1. The problem statement, all variables and given/known data
Given 2 tanks A and B.
Tank A has a volume of 2m^{3} and contains air at pressure 1 bar absolute
Tank B has a volume of 1m^{3} and contains air.
Tank A and B and interconnect with a pipe and has a stopcock and is currently closed.
What is the pressure or air that would be needed in Tank B such that after the stopcock is opened and pressures in both tanks have equalized the pressure in both tanks now is 0.8 bar.

2. Relevant equations
Can the equation

Code (Text):

P1V1 = P2V2

be used for solving this problem.
I'm a bit wary about this since boyles law applies to a

since this problem involves 2 cyclinders can we consider the gas to be

3. The attempt at a solution
P1 = ?
V1 = 1m^{3}
P2 = 0.8bar
V2 = 2 + 1 = 3m^{3}

P1 = (0.8 * 3) / 1
P1 = 2.4bar
Which seems to be incorrect, intuitively I would have said that the pressure in the smaller tank (tank B) should have been below 1 bar to get the equalization pressure to 0.8 bar.
Where am I going wrong?

Maybe you will solve the problem easier if you imagine that there is a very thin plastic sheet between the two volumes of gas such that they do not mix after you open the valve. So the two quantities of gas will change their volumes until the pressure equalizes. At that point they will each have the same 0.8 bar of pressure.

Or, to put it another way, you have two fixed amounts of gas, each of which obeys the equation you mention.

p1 v1 = p2 v2
p3 v3 = p4 v4

You know the before volumes for each, the before pressure for one, and the after pressure for each.

For the first amount of gas in TankA
P1=1bar
V1 = 2m^{3}
P2 = 0.8bar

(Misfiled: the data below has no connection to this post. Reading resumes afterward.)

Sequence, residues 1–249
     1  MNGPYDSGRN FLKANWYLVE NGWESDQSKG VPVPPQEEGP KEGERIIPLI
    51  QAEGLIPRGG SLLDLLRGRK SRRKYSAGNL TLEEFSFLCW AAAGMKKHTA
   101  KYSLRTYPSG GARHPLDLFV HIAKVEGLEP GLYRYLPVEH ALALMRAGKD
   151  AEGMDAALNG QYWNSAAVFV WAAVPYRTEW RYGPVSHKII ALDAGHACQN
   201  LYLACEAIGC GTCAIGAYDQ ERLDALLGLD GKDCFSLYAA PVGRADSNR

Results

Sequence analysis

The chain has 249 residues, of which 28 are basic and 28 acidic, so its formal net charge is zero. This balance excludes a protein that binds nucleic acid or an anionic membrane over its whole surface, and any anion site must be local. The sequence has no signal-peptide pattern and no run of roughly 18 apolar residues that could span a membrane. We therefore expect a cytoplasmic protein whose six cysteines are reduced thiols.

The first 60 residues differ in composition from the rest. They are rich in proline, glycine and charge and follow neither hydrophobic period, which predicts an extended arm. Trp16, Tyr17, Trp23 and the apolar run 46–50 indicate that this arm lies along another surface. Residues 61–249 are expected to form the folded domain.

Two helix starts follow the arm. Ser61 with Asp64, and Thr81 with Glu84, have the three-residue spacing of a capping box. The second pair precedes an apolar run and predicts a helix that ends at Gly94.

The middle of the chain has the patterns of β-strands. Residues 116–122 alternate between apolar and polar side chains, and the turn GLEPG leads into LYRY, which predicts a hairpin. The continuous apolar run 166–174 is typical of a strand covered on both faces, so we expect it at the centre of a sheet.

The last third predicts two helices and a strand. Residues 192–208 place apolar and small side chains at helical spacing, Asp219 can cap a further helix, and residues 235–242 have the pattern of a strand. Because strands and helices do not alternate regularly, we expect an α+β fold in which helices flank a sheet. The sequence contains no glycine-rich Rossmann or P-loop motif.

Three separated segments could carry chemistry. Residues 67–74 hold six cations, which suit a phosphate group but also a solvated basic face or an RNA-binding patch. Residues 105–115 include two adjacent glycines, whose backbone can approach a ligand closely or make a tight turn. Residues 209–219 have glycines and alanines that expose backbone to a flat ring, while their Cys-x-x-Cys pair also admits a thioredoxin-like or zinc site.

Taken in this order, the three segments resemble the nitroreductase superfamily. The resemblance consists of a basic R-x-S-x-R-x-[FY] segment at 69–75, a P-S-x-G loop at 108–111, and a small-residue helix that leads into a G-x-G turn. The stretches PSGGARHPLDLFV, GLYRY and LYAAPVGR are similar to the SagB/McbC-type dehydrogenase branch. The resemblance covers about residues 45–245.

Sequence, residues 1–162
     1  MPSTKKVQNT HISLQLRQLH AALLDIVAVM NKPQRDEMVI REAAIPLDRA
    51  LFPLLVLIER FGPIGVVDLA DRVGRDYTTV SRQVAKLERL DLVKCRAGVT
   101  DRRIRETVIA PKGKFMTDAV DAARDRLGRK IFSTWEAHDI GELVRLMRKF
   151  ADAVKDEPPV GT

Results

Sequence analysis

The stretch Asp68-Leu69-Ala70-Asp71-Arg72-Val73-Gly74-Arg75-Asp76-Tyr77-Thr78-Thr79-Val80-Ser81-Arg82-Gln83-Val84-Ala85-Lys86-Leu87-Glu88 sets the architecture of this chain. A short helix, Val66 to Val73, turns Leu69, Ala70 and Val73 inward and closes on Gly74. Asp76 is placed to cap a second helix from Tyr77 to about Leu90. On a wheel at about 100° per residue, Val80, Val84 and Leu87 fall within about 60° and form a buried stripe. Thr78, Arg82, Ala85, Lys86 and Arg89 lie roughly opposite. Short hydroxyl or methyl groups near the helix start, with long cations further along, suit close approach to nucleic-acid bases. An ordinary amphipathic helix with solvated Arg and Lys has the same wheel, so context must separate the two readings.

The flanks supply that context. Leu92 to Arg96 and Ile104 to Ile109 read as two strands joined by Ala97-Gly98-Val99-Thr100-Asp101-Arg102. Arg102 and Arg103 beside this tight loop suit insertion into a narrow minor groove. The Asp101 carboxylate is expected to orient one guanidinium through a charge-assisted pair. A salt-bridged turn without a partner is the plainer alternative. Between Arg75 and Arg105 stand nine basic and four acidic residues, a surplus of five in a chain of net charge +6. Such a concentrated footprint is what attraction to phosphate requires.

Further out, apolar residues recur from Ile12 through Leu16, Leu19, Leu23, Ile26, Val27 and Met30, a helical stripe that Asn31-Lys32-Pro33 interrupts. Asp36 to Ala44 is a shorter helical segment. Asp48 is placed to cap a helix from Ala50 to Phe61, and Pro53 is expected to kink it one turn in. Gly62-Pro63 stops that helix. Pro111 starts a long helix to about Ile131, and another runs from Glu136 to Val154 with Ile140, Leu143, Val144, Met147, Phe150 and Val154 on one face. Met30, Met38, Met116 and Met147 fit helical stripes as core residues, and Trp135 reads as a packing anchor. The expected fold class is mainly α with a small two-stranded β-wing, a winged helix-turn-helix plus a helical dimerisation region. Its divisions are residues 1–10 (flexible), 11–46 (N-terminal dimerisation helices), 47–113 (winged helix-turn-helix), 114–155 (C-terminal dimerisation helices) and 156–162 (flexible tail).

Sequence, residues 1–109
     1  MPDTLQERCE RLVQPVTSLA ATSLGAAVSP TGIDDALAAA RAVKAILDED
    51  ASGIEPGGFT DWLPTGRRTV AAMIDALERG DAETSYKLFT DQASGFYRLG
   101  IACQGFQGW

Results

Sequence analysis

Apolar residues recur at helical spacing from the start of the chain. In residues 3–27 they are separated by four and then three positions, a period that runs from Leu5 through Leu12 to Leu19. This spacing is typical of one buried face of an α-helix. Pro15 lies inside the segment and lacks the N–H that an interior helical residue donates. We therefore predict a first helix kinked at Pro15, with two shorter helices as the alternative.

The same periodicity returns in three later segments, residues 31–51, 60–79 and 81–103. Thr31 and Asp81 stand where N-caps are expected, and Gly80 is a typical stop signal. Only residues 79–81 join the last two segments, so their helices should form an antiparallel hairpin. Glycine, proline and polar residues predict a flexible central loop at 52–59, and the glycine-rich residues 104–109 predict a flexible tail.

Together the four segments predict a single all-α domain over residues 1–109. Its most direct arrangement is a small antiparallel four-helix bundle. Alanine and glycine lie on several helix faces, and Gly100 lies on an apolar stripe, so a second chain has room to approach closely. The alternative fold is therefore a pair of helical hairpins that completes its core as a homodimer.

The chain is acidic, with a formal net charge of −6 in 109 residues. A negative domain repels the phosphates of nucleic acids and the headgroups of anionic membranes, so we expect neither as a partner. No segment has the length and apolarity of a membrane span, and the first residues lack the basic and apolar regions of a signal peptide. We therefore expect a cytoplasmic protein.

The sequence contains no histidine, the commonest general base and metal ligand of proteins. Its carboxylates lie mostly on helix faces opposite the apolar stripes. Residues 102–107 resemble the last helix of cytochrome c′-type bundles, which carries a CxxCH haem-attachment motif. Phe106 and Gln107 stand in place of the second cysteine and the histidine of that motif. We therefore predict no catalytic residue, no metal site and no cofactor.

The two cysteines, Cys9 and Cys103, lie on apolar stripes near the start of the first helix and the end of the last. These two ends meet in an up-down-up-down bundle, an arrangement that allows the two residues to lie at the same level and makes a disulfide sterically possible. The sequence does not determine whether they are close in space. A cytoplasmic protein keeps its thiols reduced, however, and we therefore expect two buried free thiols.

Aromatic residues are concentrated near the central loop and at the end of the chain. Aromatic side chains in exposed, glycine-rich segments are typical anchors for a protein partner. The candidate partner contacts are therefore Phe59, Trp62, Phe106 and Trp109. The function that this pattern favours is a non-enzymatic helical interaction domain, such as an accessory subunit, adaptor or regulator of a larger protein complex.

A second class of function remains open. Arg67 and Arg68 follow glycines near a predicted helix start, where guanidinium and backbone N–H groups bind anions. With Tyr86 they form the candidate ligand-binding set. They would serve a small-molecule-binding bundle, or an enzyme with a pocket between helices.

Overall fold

V2 = 3m^{3} ??
For the second amount of gas in TankB
P3 = ?
V3 = 1m^{3}
P4 = 0.8bar
V4 = 3m^{3} ??
Now that's where I get stuck.

Apparently, you are are supposed to assume that the temperature does not change (as would be the case for an ideal gases with no heat entering or leaving and now work being done on the surroundings). Let the temperature be T. In terms of T and the gas constant R, how many moles of gas are there in tank A to start with? In terms of T, R, and the initial pressure P of tank B, how many moles of gas are there in tank B to start with? In terms of these parameters, how many moles of gas are in both tanks to start with? In terms of T and R, how many moles of gas are present in 3 cubic meters of gas at 0.8 bars? Set the initial total number of moles equal to the final number of moles, and you will have your equation for determining P.

For Tank A The tank volume would be constant at 2m^{3} but air volume would increase since pressure has dropped by 20% the volume would increase by 20% and that would be 2.4 m^{3}.

For tank B we know tank volume 1m^{3} and final Pressure 0.8bar if there was 1 bar abs in the beginning again at 0.8 bar pressure the volume would go up by 20% and it should be 1.2m^{3}.
But can I assume this 1bar as initial pressure of tank B ?

You know that there are 80.3 moles in tank A to start, and 96.22 moles in tanks A and B combined. So how many moles are in tank B to start? So you know the number of moles in tank B to start, and you know the temperature and volume of tank B. So, what is the initial pressure in tank B?

Is it possible to find moles without knowing the initial pressure??
If The total moles of gas inside the 2 cylinders will be constant through out the experiment...
Then the moles in tank B would be 96.22 - 80.3 = 15.92
but this seems to be quite low compared to tank A which was 80.3 ??

For Tank A and Tank B, P*V = constant
so when we connect Tank A and Tank B that becomes say a large Tank C so after equalization the PV of this tank will also be constant
so we can say
P1 * V1 + P2 * V2 = Ptot * Vtot

Well, I start with n = PV/(RT) and n(initial) = n(final). Then, when I write the conservation of moles equation, RT cancels on both sides. In other words, PV is constant because n (and hence nRT) is constant. There are different approaches that work; just so you're comfortable with yours.

This is OK, if you understand fundamentally what it is saying.

If you divide this equation by RT, then you end up with the mole balance that that I was discussing in my posts, and that Insightful was referring to. Both of us felt that using the mole balance was an easier way of understanding what's happening. In any event, it is always very worthwhile for a student to examine two different approaches to the same problem (if two approaches exist).